MGAT activity assays

In this assay, MGAT1 activity was measured as described previously (33). Briefly, the assay was carried out in a total volume of 150 μl under the following conditions: 100 mM Tris-HCl, pH 7.4, 200 μM 2-monoacylglycerol, 100 uM oleoyl-CoA, and 10 μg of microsomal proteins. The reaction was initiated by addition of MGAT1 microsomes, and carried out for 30 min at room temperature. Then, 50 μl of 7-Diethylamino-3-(4-maleimidophenyl)-4-methylcoumarin (CPM) at 500 μM concentration, was added to the reaction; the plate was incubated at room temperature for another 30 min. A standard curve of CoASH (ranging from 0 to 100 μM of CoASH) was generated together with each assay, followed by detection of fluorescent signal by a Thermo Scientific - varioskan flash (Ex. 355 nm, Em. 460 nm).

Statistical analysis

All results are expressed as mean ± SEM. Statistical comparisons of groups were made using an unpaired Student’s t test.


This work was supported by the National Research Foundation of Korea (NRF) Grants 2011-0030086, 2015R1A2A2A01004345, and 2015R1A2A1A15055583, funded by the Korean government, Ministry of Science, ICT and Future Planning (MSIP).

Fig. 1. MGAT1 is an integral ER membrane protein. (A) The MAG pathway involved in the synthesis of TAG. (B) Real-time PCR analysis of MGAT1 mRNA levels in the liver from chow-diet (CD) and high fat diet (HFD)-fed mice, and levels during adipogenesis of 3T3-L1 cells. (C) Immunofluorescent staining showing expression of FL-MGAT1 (red) on forming LDs (BODIPY, green) in oleate-loaded COS-7 cells. (D) Schematic representation of the MGAT1 structure using MGAT1 deletion mutant protein. HEK293T cells were transiently transfected with FL-MGAT1 and the indicated MGAT1 mutants. Total cellular membranes and cytosol were isolated and immunoblotted with anti-FLAG, anti-calnexin (ER marker), and anti-GAPDH (cytosolic marker) antibodies. COS-7 cells expressing FL-MGAT1 or FL-Δ1-160 were stained with anti-FLAG. Scale bars, 10 μm. (E) Protease protection. Proteinase K (PK) was added to intact microsomes with or without Triton X-100. A representative experiment out of three with similar outcome is shown. *P < 0.05. Data represent the mean ± SEM.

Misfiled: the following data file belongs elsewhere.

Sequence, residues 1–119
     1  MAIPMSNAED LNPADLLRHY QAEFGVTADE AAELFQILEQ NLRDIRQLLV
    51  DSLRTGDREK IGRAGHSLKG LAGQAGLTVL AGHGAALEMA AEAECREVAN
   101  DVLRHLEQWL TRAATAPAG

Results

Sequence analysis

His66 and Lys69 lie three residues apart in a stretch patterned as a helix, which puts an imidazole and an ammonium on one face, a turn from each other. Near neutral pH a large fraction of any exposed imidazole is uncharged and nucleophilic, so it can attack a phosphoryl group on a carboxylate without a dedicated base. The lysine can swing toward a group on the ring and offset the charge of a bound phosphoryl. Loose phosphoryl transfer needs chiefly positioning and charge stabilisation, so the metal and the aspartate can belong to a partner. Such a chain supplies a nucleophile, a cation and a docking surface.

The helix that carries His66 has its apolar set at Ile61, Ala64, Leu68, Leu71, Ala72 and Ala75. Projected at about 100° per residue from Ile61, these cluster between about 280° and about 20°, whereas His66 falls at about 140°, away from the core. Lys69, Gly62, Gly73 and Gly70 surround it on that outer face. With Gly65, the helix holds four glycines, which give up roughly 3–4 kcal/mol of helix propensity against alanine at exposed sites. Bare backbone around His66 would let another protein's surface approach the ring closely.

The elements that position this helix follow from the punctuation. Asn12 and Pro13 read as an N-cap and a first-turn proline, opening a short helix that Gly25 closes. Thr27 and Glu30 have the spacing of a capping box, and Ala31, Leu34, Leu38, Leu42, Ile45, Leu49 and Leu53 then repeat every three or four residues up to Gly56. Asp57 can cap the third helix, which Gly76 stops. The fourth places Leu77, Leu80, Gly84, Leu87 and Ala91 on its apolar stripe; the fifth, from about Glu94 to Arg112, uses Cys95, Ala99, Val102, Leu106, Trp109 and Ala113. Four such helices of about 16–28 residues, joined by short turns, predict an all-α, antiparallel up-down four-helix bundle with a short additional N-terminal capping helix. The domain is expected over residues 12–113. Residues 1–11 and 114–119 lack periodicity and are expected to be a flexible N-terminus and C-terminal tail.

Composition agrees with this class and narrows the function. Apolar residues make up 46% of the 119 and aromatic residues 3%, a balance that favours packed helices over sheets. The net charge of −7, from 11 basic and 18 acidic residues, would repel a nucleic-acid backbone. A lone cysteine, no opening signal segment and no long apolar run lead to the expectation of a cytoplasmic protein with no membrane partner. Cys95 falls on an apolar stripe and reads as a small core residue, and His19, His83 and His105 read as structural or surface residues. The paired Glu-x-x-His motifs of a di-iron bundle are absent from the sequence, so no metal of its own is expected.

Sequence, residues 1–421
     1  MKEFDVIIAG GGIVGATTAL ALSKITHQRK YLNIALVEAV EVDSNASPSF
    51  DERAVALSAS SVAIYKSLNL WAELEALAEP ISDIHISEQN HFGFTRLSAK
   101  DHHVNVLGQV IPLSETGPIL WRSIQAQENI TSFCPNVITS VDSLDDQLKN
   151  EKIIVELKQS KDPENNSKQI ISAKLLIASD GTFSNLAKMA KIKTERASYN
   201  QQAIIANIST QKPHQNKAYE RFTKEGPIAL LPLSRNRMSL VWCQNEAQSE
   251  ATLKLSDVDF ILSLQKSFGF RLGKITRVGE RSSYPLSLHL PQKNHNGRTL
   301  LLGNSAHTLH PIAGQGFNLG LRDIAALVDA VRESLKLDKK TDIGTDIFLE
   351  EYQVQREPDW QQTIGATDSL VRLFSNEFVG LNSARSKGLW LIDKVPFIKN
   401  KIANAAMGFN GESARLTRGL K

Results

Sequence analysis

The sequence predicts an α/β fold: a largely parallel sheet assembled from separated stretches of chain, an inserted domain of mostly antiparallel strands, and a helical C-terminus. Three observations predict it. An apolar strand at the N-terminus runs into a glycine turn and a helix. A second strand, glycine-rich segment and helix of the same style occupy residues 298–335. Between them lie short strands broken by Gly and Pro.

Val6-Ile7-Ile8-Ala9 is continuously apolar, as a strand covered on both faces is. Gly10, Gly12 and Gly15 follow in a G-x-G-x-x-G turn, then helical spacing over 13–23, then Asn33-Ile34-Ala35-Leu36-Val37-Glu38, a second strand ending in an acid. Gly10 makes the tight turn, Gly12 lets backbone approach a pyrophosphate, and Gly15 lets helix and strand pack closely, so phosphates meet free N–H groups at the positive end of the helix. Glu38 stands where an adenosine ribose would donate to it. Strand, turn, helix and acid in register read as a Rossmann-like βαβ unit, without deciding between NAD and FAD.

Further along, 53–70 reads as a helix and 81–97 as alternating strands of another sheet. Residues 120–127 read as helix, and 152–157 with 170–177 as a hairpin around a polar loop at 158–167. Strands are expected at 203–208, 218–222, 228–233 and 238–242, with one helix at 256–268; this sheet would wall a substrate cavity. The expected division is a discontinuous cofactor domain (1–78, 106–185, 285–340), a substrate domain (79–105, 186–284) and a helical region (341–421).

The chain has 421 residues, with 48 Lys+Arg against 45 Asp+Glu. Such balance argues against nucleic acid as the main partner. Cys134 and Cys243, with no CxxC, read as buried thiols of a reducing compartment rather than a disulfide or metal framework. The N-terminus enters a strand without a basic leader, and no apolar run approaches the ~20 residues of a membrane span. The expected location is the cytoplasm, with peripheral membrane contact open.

Fig. 2. Deletion mutants of MGAT1 have no effect on enzyme activity. (A) Immunoblot analysis of total membrane fraction isolated from COS-7 cells transfected with the indicated deletion mutants (left). The enzymatic activity determined in membrane fraction by measuring the fluorescence signal (right). (B) Alignment of partial sequence of MGAT1 members. A highly conserved HPHG sequence is indicated by a blue box. (C) The enzymatic activity determined in membrane fraction by measuring the fluorescence signal. (D) Immunofluorescence microscopy of lipid droplets in COS-7 cells treated with oleate. These cells were labeled with the neutral lipid stain BODIPY 495/503 (green). One representative experiment of three is shown.
Fig. 3. MGAT1 is present in the lipid droplet. (A) Total cellular membranes and fat layers were isolated from fully differentiated 3T3-L1 adipocytes and HeLa cells transfected with Flag-MGAT1. Western blots of equal protein amounts against FLAG, Calnexin, Perilipin A, and ADRP are shown. (B) Immunoblot for indicated proteins in total cellular membranes or fat layers from HEK293T cells transfected with the indicated deletion mutants. (C) COS-7 cells transfected with mRFP-tagged MGAT1 were fixed with paraformaldehyde and were stained for neutral lipid with BODIPY 495/503 (green). A representative experiment out of three with similar outcome is shown.
Fig. 4. MGAT1 interacts with DGAT2. Co-immunoprecipitation experiments detecting (A) the interaction between myc-MGAT1 and FL-MGAT1, and (B) the interaction between HA-DGAT2 and FL-MGAT1 in HEK293T cells transfected with the indicated deletion mutants. The precipitated proteins were subjected to western blot analysis with FLAG antibody. A representative experiment out of three with similar outcome is shown. (C) Model of MGAT1 anchored in lipid droplet.